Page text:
Medical Docs acknowledge the importance of gut bacteria

This post is long overdue. The article came out months ago and news about the microbiome and early human development has steadily increased.

This February 2013 commentary on a study about birthing methods and breastfeeding states what many holistic nutritionists and integrative practitioners base their care plans on:

Bacteria in the gut play an important role in health, helping digest food, stimulating the development of the immune system, regulating bowels and protecting against infection. Disruption of the gut microbiota has been linked to a range of diseases, such as inflammatory bowel disease, allergies, asthma, cancer and others.

We can’t help how we are born, or how our mothers fed us during those critical early days. (Please moms, no guilt and no pressure here. I’m one of you.) But we can help what we do to safeguard the community of gut bacteria that make up 80% of our immune function later in life. One very common disruption to the microbiota is antibiotic use.

Who hasn’t had a doctor prescribe antibiotics for a minor ear infection, or another pesky infection that needs to be treated? It’s standard practice and stops a small infection from blowing up into a big deal.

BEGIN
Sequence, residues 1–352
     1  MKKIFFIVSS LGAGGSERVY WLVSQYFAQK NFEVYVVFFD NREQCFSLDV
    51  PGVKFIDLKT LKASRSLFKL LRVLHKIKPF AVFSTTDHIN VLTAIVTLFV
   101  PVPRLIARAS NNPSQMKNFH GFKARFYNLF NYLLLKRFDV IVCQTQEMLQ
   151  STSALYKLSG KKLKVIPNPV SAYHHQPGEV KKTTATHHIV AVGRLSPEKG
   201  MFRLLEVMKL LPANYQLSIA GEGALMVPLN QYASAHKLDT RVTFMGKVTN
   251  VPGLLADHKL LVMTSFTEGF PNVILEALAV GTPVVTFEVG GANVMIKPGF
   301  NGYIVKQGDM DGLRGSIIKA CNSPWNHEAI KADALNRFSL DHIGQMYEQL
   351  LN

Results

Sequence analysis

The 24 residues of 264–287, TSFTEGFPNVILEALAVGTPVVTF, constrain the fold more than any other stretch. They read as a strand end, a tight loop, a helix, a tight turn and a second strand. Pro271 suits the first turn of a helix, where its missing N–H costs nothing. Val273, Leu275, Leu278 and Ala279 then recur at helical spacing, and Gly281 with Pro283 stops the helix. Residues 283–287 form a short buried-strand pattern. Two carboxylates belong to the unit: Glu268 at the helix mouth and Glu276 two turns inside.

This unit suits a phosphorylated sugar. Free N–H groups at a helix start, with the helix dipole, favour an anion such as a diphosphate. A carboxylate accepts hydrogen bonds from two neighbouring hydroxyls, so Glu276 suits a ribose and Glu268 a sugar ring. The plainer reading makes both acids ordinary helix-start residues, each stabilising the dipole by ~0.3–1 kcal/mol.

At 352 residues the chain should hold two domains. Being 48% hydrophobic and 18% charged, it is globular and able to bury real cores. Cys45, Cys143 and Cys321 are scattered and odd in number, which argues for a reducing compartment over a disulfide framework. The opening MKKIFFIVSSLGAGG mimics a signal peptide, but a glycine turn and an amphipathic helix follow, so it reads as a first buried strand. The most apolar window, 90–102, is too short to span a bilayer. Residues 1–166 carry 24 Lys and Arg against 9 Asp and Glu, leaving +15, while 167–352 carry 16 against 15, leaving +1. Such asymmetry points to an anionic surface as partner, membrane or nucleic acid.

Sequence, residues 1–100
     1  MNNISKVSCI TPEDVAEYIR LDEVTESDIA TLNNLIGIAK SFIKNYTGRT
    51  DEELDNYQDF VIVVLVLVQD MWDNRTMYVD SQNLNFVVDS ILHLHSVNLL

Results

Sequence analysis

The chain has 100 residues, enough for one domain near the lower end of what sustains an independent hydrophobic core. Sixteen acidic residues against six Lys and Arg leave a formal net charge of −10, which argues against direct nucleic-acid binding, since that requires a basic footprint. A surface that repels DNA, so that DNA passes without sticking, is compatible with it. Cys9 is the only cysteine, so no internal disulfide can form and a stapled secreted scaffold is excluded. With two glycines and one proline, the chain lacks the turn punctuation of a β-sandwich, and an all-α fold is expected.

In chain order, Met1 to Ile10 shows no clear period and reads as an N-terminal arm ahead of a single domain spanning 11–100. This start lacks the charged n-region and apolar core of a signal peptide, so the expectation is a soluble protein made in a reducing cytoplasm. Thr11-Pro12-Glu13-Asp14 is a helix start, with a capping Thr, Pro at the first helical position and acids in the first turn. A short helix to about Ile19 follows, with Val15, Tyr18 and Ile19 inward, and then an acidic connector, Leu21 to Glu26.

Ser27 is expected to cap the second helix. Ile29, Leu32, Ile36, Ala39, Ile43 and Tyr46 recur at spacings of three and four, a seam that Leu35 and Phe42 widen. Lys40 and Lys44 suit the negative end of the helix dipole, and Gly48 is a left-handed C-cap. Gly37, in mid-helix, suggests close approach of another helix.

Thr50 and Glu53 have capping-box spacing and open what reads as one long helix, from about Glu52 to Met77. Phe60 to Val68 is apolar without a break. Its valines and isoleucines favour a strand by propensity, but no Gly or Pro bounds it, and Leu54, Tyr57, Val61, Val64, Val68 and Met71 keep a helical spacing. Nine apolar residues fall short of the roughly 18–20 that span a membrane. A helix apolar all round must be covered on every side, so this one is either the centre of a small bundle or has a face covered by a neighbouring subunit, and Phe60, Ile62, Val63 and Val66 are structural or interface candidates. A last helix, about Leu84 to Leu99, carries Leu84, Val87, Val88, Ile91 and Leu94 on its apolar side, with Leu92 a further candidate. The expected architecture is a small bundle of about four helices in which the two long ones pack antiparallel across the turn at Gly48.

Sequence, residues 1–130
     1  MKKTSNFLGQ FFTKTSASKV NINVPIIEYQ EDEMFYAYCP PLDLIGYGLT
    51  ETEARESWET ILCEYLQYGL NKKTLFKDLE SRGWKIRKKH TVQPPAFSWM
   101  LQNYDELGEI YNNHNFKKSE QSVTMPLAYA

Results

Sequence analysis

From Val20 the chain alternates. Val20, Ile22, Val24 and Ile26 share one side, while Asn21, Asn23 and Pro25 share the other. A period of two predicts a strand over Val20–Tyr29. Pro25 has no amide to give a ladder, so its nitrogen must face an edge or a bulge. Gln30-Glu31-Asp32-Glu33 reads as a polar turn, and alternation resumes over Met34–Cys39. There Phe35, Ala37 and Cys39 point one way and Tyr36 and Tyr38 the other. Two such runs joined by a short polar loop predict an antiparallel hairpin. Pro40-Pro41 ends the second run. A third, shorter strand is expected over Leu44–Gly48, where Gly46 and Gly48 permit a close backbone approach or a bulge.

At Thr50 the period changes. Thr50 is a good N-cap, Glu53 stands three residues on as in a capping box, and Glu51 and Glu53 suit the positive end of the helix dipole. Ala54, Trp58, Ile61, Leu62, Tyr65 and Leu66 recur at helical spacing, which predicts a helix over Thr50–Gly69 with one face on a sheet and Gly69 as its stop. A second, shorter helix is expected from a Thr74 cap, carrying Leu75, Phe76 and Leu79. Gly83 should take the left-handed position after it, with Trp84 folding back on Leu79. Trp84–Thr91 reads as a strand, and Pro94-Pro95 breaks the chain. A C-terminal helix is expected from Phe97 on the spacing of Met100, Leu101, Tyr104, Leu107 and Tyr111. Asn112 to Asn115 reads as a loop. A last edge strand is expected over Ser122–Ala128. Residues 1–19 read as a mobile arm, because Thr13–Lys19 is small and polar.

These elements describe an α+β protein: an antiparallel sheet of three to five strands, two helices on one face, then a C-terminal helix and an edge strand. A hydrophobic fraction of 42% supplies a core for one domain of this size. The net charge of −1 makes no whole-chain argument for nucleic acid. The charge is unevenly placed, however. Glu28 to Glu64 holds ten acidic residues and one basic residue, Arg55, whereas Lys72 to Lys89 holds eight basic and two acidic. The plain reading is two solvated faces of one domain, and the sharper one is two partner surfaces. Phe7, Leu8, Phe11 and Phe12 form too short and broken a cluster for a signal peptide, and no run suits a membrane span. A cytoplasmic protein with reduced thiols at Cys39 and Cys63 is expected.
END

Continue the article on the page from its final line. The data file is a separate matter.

Have you ever noticed that your digestion just isn’t quite the same during and for some time after antibiotic use?  That’s because antibiotics kill good bacteria as well as pathogenic ones – a catch 22, really. Your immune system is temporarily dampened during a run of amoxicillin, or what have you, as the drug takes out the good bugs with the bad.

There’s a place for antibiotics and other drugs that mess with our guts.

There are also methods of re-establishing balance after the offending bacteria is eradicated. An immune-boosting diet is rich in zinc, vitamin C, beta-carotene or vitamin A, essential fats and lean protein is essential during or after drug use.

Certain nutraceuticals, like probiotics to the tune of at least 30 billion colony-forming units, are also useful for helping gut flora bounce back to a level where the good outweigh the bad.

The exciting thing about this CMAJ article is how it signals the direction of medicine to come. The days of MDs and NDs operating in separate settings are soon going to be passé. Soon, you won’t have to sleuth out a clinic that has the two professions working collaboratively to achieve sustained health improvements.